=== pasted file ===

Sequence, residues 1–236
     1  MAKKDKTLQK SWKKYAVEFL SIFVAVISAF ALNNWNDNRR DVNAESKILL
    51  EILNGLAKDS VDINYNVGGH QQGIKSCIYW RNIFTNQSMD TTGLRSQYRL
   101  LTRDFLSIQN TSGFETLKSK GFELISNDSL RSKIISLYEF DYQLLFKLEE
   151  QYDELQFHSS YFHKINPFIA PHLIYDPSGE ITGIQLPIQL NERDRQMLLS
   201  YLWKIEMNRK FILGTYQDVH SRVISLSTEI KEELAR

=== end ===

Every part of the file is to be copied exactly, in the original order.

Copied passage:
Sequence, residues 1–236
     1  MAKKDKTLQK SWKKYAVEFL SIFVAVISAF ALNNWNDNRR DVNAESKILL
    51  EILNGLAKDS VDINYNVGGH QQGIKSCIYW RNIFTNQSMD TTGLRSQYRL
   101  LTRDFLSIQN TSGFETLKSK GFELISNDSL RSKIISLYEF DYQLLFKLEE
   151  QYDELQFHSS YFHKINPFIA PHLIYDPSGE ITGIQLPIQL NERDRQMLLS
   201  YLWKIEMNRK FILGTYQDVH SRVISLSTEI KEELAR